Perhaps we may legitimately wonder, at first encounter, how Beckett forced himself to finish the task at all. He frequently proceeds, for several paragraphs, at a high level of generality not sufficiently argued to form the basis of a philosophy, but with enough resonance and bite to be considered more than wordly-wise rumination. Beckett clearly considered that criticism’s main claim on our time was its truth-telling faculty; it was nothing less than a kind of wisdom. And as wisdom, it would sanction and benefit from hermetic and arcane modes of expression. This goes some way to explaining some of the archness and pomposity of Beckett’s prose, but the now familiar irony which we find throughout his other creative writing is an important qualifying feature. He can puncture his own pretensions with a devastating and irresistible panache:
Whatever opinion we may be pleased to hold on the subject of death, we may be sure that it is meaningless and valueless. Death has not required us to keep a day free. The art of publicity has been revolutionized by a similar consideration. Thus I am exhorted, not merely to try the aperient of the Shepherd, but to try it at seven o’clock.8
Here the presence of utter seriousness, baffled in the face of an extraordinary world, is what guarantees and informs the humour. Humour becomes the justified instrument of the critical surgery that lays bare a wound.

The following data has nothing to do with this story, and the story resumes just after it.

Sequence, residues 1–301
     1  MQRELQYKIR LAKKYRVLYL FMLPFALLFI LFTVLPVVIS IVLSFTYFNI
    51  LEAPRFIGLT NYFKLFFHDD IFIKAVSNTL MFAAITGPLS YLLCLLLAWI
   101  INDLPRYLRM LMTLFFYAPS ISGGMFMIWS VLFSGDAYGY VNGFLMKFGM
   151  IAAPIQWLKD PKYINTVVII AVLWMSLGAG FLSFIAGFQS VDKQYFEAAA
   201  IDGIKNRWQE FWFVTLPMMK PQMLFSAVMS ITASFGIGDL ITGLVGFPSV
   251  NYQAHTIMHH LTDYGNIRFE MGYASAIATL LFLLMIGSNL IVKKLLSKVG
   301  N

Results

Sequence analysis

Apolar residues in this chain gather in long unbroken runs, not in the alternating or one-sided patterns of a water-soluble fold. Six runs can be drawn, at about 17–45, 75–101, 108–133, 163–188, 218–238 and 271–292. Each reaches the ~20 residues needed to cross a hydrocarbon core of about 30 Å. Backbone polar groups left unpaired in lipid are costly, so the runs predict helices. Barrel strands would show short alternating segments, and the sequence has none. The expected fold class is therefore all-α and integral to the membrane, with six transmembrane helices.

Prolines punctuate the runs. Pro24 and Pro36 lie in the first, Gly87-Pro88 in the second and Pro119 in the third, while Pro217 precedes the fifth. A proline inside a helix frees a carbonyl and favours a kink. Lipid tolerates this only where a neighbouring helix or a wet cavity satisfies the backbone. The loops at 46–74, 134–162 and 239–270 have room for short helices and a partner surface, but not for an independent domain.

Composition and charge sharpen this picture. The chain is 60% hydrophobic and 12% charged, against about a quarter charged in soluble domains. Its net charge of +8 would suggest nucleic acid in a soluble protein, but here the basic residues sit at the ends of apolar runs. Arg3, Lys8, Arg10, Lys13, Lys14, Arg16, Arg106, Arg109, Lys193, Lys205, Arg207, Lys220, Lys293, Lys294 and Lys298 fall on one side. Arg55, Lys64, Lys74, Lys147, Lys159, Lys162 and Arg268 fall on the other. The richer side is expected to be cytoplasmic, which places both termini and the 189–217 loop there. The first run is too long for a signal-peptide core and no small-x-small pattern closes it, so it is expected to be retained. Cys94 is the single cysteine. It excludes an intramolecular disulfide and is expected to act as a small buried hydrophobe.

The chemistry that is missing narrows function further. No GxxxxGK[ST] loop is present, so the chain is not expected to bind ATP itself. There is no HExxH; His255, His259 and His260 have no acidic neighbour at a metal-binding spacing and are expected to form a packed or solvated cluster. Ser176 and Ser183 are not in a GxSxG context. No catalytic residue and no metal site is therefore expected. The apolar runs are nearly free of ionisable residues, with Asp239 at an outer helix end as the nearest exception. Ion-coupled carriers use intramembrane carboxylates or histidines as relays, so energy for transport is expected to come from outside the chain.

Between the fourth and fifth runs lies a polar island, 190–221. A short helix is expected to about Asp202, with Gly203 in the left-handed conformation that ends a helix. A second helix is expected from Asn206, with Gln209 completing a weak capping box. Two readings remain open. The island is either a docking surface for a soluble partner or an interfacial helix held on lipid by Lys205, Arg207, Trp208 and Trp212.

In Proust it is clearly, as the above quotation suggests, something like a work of art that we are faced with. Without going so far as to pretend that Beckett was intending every part of the jigsaw to cast reflective light on every other part, there is considerable, even excessive artfulness expended between the abrupt and brisk beginning ‘The Proustian equation is never simple—and the weary and distressed Latin with which the piece concludes—‘defunctus. ’’ Between these two poles the book takes shape, a shape Beckett periodically adverts to lest we lose in the flurry of what is happening on the surface the overall sense of a developing argument. Time, Habit, Memory and Salvation are the topics of the first four sections, divided by the triangular asterisks of Chatto’s English translation of Proust. The interpolated illustration—the paraphrase already mentioned—marks the point at which the structure appears to begin to disintegrate, and the transition to Albertine and the nature of love is not so much clumsy as non-existent. But the effect, whether successful or not, is clearly intended, since the next section, a brilliant account of the afternoon party at the Guermantes with which Proust’s novel closes, is begun in similar fashion, and it is obviously Beckett’s awakened sense of juxtaposition which is the most important factor in his decision to end one section with the devastating quote from Calderon (but really from Schopenhauer)9 and to begin the next with a seemingly unengaged, but in fact emotionally turbid, piece of writing not far removed from the paraphrastic manner implicitly criticized earlier. One does not need to look far for Beckett’s model here; it is obviously Proust himself. Beckett is, with some deliberation and perhaps a good deal of unconscious reverence, taking on the colour of the author on whom he is writing, and the apparent loose-ends, the seemingly gratuitous excursions from the point, and the carefully weighted preliminaries leading to a clinching and resonant conclusion are indisputably Proustian.